I guess (perhaps as Robert's friend and a reluctant witness to his homicide), I'm truly curious about what sets THIS condemned and executed man apart from the others in your mind whose executions would upset you as his apparently did not. Is it that his victims were "children" (both 16 years old)? Was it the media shorthand ("he ate their hamburgers") label that sticks to you? Was it the swaggering figure endlessly seen on the one news clip of him in custody? As an advocate, it is important for me to understand the reasoning of people whose minds I hope to change on the subject (or, in your case, not your mind but your heart), which is another reason I'm asking.

Finally, I feel that when the state kills, it is absolutely incumbent on citizens of the state (and especially citizens who oppose state killing) to "feel bad about it" even when they despise the act(s) that led to the execution. What else does a principled position demand of its adherents?

Michael Kroll, Feb. 11, 2008



To Michael Kroll:

I responded with strong visceral reactions to Harris for precisely the reasons you enumerated but there is, to be honest in ways that are not easy for me, probably a personal element. I loathe even mentioning it but I got bashed around as a kid pretty badly by a sadistic British sixth grade teacher and never informed anyone because, like most abused kids, I felt I was the one to blame. I'm certain it's affected me but I work on keeping my aggression in check and hope, particularly at this stage of my life, that it continues to be held in check. I'm certain there are many like me whose personal histories are far worse, like Harris, but who nonetheless would never eat hamburgers of adolescent boys they've mercilessly murdered. We are creatures of choice and self-control driven by demons but not subject to them.


Go on disliking me and my intellectual pretensions as you call them if that is your need but you asked for an explanation and I've put myself out here because perhaps you actually might better understand ambivalence between heart and head. The abuse excuse is something I kept hearing ad nauseam about Harris. Nothing excuses what he did. And nothing can diminish the rage many of us felt on behalf of his victims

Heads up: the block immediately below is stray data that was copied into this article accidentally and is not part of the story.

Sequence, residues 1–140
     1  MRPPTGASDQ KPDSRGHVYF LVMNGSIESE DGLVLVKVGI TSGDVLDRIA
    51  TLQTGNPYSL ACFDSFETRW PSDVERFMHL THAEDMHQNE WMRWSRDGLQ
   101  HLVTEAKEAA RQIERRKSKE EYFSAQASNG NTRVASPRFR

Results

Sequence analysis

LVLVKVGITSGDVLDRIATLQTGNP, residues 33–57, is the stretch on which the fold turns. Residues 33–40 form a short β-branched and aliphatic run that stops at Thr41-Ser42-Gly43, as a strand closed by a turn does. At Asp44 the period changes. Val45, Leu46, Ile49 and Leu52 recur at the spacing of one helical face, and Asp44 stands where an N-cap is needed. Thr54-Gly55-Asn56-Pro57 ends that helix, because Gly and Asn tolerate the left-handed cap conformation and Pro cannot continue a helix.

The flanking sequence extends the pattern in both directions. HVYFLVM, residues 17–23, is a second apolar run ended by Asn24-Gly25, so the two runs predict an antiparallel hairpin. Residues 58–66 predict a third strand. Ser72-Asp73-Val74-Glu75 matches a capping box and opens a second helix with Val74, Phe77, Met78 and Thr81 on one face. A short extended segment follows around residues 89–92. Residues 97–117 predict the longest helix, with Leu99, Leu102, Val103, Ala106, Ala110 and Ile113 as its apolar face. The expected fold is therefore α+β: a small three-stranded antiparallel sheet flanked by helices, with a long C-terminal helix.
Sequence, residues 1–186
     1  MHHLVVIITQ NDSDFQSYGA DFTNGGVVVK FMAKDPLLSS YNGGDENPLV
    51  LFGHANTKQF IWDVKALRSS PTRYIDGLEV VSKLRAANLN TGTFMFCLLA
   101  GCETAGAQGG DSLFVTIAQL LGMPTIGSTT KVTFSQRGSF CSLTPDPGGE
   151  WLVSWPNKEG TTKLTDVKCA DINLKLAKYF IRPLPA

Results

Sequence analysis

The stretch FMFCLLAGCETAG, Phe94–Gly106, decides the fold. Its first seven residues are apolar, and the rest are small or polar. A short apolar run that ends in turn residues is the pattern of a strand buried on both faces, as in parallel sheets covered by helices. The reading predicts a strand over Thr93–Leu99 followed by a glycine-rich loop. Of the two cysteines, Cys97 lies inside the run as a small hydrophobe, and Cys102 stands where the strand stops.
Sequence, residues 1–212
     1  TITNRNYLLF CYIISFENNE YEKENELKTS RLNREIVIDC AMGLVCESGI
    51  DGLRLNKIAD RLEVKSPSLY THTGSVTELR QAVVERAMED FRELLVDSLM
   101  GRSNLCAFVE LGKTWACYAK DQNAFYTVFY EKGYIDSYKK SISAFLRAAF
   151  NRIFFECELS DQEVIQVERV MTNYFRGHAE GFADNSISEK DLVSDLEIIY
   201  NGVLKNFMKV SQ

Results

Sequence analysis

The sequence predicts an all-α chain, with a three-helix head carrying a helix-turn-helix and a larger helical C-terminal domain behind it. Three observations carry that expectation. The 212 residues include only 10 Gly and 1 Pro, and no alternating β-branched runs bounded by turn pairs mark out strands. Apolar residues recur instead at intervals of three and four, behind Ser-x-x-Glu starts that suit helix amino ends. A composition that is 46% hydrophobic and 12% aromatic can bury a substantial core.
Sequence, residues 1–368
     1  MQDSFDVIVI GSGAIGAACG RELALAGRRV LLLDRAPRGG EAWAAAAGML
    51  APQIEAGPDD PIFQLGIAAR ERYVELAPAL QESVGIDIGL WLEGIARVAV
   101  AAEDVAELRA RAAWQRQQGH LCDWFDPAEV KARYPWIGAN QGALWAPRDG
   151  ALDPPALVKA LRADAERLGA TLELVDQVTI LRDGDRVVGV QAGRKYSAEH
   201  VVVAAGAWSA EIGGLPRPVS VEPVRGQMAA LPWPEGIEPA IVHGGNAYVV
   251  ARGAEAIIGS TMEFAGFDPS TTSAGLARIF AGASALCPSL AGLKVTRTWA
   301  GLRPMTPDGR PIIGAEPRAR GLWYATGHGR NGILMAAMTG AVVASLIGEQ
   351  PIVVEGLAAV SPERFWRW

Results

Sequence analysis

Feb. 15, 2008



To (redacted):

I can certainly appreciate the honesty of your response, and why you think exposing your childhood experience makes you vulnerable. But it seems to me the entire purpose of putting our responses to crime — even horrendous crime which ALL MURDER is — within a rule-bound system is to take emotion out of the equation as much as possible. If someone I loved were the victim of murder, I would have precisely the same emotional reaction as anyone else (excepting, perhaps, Michael Dukakis...) But the cold and calculated institutional response that is the death penalty, which is designed to represent us all, substitutes a cold-blooded series of procedures, fraught with human error and prejudice. I am not, of course, advocating personal revenge for crime, but only suggesting that while my personal hot-blooded emotional reaction to murder, like yours, is universally understood, executions are, by design, cold-blooded.


In my career as a mitigation specialist in capital cases, I have represented people who have done far more heinous acts than Robert's in terms of the number of their victims or the cruelty of their methods. (Cary Stayner[3] was my client, for example.) And yet, in each and every one of them, I found the human being at the center, the person who, like me, came into the world as a mewling newborn with certain conditions of mind and body beyond his/her control. Then, each traveled a path, as we all have, that shaped and formed them.


I find it terribly unfair that people (you?) believe we all have equal powers of self-control despite unequal mental development, or that we respond in ways that are not shaped by our conditioning — conditioning that no child can control. If, as a child, you are shown love and affection within your family, you will reflect love and reflection beyond your family. If, on the other hand, every childish act you commit, even benign ones, is met with a hand across the face or a foot in the stomach, then you will reflect back that reality. How is that not mitigation for personal behavior?


(I won't get into your repeated use of the word "excuse" since that is nothing more than a red herring; it is the same words that Gov. Wilson used when he refused to grant clemency to Robert, even acknowledging the gross child abuse and Fetal Alcohol Syndrome he suffered — "I feel sorry for the child, Robert Harris, but I can't excuse the adult Robert Harris." No one was seeking to excuse his acts, only to try to understand the path that led him there. You're right, of course, that not everyone so abused grows up to commit murder, but I strongly believe that those children do grow up in ways that distort and destroy much of their adult lives, often in self-destructive ways that also have enormous impacts on our society.